"This is not a time to be smug," he said. "All of the gains can be quickly lost if you do things wrong or if you get overly aggressive and don't stay diligent on tracking bills. But that being said, the first half went well."
Bueide has been a driving force behind the Nodak Outdoors Web site e-Tree, an Internet mailing list that offers regular updates on outdoors bills while encouraging resident hunters to get involved in the legislative process.
"It's grass-roots politics meets the information superhighway," he said.
Blanchfield, meanwhile, says HB1050, a measure that calls for tighter restrictions on guides and outfitters, is something the industry has been pushing the past three sessions. The House passed the bill 74-19, and it now awaits action in the Senate Natural Resources Committee.
"Right now, there are almost zero requirements to be a guide," Blanchfield said. "Just slap down $100 and get your license. This goes a long ways to professionalize the industry."
Yet amid these gains, the waterfowl issue remains a dividing point.
"We've done nothing but try to compromise this issue, and it just seems to me that the strong promoters of 1307 and the opponents of any cap haven't really changed their positions," Bueide said. "I don't want to be too gruff, but it's hard to compromise with someone whose position is 'no compromise.' I think there are a lot of opportunities to look at compromise on this issue, but the other side has to be willing to walk up to the table."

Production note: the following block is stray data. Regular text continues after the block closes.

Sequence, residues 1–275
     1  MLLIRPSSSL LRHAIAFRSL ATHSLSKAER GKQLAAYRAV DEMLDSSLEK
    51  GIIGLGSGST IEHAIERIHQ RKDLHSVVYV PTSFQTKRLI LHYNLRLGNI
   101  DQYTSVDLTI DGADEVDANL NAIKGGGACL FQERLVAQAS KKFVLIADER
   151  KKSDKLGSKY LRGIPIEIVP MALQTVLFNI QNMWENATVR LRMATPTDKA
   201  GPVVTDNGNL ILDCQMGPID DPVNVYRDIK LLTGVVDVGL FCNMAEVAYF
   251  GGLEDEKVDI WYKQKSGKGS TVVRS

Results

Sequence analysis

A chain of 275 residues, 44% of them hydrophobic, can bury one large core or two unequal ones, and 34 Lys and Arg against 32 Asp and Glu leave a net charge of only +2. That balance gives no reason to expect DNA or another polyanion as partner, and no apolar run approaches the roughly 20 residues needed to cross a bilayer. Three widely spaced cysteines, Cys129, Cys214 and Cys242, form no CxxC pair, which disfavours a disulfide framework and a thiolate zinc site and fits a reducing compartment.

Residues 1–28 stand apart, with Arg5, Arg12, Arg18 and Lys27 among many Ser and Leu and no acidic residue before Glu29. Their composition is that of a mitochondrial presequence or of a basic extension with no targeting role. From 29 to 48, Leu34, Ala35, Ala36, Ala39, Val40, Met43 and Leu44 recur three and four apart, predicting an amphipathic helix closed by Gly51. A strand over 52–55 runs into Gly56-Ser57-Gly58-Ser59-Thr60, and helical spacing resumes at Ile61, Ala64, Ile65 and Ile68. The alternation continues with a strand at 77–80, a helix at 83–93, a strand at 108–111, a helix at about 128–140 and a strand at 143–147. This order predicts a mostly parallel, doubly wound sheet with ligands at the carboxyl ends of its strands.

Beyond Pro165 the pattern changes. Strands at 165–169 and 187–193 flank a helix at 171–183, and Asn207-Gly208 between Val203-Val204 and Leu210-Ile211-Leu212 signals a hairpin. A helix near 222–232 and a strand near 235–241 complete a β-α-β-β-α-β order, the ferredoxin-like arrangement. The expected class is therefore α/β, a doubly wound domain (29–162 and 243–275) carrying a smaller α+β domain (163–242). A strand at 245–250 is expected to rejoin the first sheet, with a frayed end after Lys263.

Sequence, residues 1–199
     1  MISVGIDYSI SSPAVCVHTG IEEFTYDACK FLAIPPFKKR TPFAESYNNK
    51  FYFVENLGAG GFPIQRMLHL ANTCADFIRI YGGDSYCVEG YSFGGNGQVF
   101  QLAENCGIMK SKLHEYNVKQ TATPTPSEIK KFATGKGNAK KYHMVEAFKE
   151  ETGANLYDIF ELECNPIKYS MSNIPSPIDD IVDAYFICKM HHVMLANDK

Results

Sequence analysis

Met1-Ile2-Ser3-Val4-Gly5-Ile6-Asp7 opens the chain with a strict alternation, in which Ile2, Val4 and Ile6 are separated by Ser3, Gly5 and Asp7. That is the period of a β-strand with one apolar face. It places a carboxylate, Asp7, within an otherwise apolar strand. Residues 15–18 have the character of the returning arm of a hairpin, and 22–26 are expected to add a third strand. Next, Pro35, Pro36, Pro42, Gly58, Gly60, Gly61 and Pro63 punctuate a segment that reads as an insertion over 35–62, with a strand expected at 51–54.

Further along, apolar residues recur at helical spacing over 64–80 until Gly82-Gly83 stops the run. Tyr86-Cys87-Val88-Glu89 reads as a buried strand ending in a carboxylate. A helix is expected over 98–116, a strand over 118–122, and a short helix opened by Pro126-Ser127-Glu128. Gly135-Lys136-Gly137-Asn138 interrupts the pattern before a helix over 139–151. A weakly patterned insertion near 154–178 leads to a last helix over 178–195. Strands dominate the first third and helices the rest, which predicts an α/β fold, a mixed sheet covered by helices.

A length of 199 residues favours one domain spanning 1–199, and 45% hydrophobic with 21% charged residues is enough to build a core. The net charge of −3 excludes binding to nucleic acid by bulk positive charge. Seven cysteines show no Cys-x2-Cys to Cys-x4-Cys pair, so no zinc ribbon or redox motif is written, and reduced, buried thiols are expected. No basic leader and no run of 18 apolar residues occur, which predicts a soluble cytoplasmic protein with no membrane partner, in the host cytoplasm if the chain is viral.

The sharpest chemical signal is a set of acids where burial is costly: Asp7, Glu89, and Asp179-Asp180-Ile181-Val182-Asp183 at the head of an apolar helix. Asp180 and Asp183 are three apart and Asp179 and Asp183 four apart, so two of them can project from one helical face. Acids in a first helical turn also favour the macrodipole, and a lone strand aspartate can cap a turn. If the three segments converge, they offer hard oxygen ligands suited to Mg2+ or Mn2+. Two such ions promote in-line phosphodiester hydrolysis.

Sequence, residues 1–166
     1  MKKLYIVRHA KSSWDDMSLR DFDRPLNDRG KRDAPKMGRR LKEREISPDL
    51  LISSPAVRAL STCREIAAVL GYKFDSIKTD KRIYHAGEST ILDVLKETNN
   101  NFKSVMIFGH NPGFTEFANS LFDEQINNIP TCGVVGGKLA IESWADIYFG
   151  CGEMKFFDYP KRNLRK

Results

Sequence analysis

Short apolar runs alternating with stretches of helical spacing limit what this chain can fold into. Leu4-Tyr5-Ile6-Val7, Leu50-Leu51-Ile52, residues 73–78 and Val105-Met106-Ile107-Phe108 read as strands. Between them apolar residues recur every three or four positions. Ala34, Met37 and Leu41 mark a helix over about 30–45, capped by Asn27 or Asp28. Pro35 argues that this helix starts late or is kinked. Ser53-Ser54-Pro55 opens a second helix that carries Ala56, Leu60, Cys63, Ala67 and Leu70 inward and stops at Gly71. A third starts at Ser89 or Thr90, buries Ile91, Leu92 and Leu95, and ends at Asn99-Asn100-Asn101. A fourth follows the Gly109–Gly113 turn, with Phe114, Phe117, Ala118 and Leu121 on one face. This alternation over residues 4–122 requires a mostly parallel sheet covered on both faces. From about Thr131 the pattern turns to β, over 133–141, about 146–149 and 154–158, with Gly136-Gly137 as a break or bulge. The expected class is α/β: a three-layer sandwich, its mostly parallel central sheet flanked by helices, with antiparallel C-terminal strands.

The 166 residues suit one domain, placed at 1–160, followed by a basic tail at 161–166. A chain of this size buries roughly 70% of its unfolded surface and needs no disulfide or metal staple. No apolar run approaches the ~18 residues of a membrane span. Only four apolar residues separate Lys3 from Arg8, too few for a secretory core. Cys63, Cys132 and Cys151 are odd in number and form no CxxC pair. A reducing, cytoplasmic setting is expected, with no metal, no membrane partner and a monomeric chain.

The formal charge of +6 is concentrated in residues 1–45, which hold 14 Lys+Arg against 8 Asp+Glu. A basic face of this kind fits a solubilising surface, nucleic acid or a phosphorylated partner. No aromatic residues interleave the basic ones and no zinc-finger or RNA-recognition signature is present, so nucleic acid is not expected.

From his position on the opposite side of the fence, Blanchfield says he sees a similar picture. He says the Hunter Pressure formula is flawed because it fails to address periods of peak hunting pressure such as the long teachers convention weekend in mid-October. The bill also fails to address the problem of increased hunting access, he said.
"I think we could come up with some better ideas than we've got on the table right now," Blanchfield said. "We're basically squared off on one format, and it's unfortunate, but it's basically win or lose.